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Thread: *Gauging Interest* Who wants to sell Birch sap?

  1. #21
    Join Date
    Apr 2015
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    Bakersfield, VT
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    I'm intrigued by the birch sap/syrup potential. But I would personally need a lot of confidence in the long term strength of this market before I put a drill to any veneer or even sawlog quality yellow birch. Probably everyone on here has looked at an untapped, veneer quality hard maple and done the calculations in their head. I tend to tap them, even though it kills me, it pays. I might roll the dice on white birch, but yellow birch I really don't think I would.
    4700 hundred taps
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    2- 1.5 hp CDL electric releasers

  2. #22
    Join Date
    Oct 2012
    Location
    Halifax, VT.
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    Quote Originally Posted by rhwells2003 View Post
    Everyone that I've heard that's tried it hasn't liked it. What does it taste like? If it tastes so bad what is the big hype about it? Is it just being used as a natural sweetener?
    If you want to try some you can order a sample size from Kahiltna in Alaska. I have some early season syrup from them and the first time I tasted it I can say I was disappointed. It looks like maple and that's what everyone expects. However, I keep it on the shelf and every so often I'll try a little. I'm familiar with the flavor now and I honestly do like it. It'll never be as good as maple but it does have a fruity flavor that I like. Mine doesn't taste at all like molasses. I think there's a real challenge in making good birch syrup as opposed to maple. I'm sure there's a lot of good attempts out there that don't really cut it and perhaps they tarnish the rep. somewhat. I tried a guys once and if that was my only experience then I'm pretty sure I wouldn't have much interest. Get ahold of BC. Birchtapper on this forum or someone else with experience. Maybe they have some sample sizes.
    Last edited by madmapler; 04-07-2016 at 04:45 PM.
    Sean

    2013-1st year...94 taps, 12x24 sugarhouse, home built evap. Gast 2065 pump with bender
    releaser.
    2014-30x36 sugarhouse, 2.5x10 "Jutras" evaporator, 1200+ taps on vacuum, sap brothers RO. 2 sihi 2 stage pumps, 440 gal.

    2015- 1000gph memtek RO, 3250 Taps, 1200 gallons

    2016- Modified grimm 4'x12' evaporator with auf and aof with air preheater. Home built airtight arch front. 4250 taps?

    2017- 2400gph. Lapierre RO, 10" filter press, 5000 taps

  3. #23
    Join Date
    Apr 2009
    Location
    Bristol, VT
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    Processing it is way trickier than maple. Maple sap has 100% sucrose (until microbes start converting it to glucose and fructose) but birch sap sugar is glucose which burns much more easily. I suspect that much of the birch syrup out there that people have tasted is not properly processed. This is why the RO is key for anything beyond a few taps.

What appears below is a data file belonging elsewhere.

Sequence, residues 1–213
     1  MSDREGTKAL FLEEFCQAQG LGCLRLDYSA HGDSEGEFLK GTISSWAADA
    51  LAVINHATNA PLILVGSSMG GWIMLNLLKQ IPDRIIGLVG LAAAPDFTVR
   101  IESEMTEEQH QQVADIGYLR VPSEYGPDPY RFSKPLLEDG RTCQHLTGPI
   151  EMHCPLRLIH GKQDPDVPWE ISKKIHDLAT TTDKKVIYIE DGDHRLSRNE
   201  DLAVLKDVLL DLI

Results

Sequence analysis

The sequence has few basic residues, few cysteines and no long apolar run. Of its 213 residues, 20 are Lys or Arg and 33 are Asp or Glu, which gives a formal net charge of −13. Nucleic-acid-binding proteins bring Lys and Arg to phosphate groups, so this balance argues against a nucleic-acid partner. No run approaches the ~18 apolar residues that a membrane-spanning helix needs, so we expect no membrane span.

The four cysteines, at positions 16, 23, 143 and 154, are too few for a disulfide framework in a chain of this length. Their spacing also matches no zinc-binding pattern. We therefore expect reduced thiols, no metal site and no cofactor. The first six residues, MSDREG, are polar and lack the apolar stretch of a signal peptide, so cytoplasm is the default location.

About 750 taps on High Vac.
    2.5 x 8 Intens-O-Fire
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    Springtech Elite 500 RO
    14 x 24 Timber Frame SugarHouse
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    www.littlehogbackfarm.com

  4. #24
    Join Date
    Apr 2016
    Location
    Underhill Ctr., VT
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    Hi guys,
    Posting this a little late, but here's a link to the results from some of our research on birch production, including sap yields and economics, that might be helpful: http://www.uvm.edu/~pmrc/?Page=birch.html. We're currently working on a project studying the best timing of tapping for birch, and the size of taphole wounds to determine appropriate tapping guidelines - this should be finished and the results posted in the fall. This spring we'll also be starting an experiment to study what syrup processing practices produce birch syrup with the best flavor. If you're interested in tapping birch and have any questions, definitely give me a call or email!
    -Abby


    Abby van den Berg, Ph.D.
    Research Assistant Professor
    University of Vermont
    Proctor Maple Research Center
    Underhill Ctr., VT 05490
    (802) 899-9926
    avan@uvm.edu

  5. #25
    Join Date
    Feb 2015
    Location
    Westford, Vermont
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    Thank you for the information Dr. Abby! I'll be sure to check that out. I had been super excited about making birch syrup, but when I learned more about the potential for season overlap and other details I thought it wasn't for me at this point in time. But I learn forward to learning as much as I can about it. Thanks again.

  6. #26
    Join Date
    Apr 2016
    Location
    Underhill Ctr., VT
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    9

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    You bet! The seasons don't necessarily have to overlap - a lot of birch sapflow will occur after the maple season is over, it just appears that some good runs often happen while maple production is winding down. Sometimes it will depend on how much late-season maple syrup you're interested in making.

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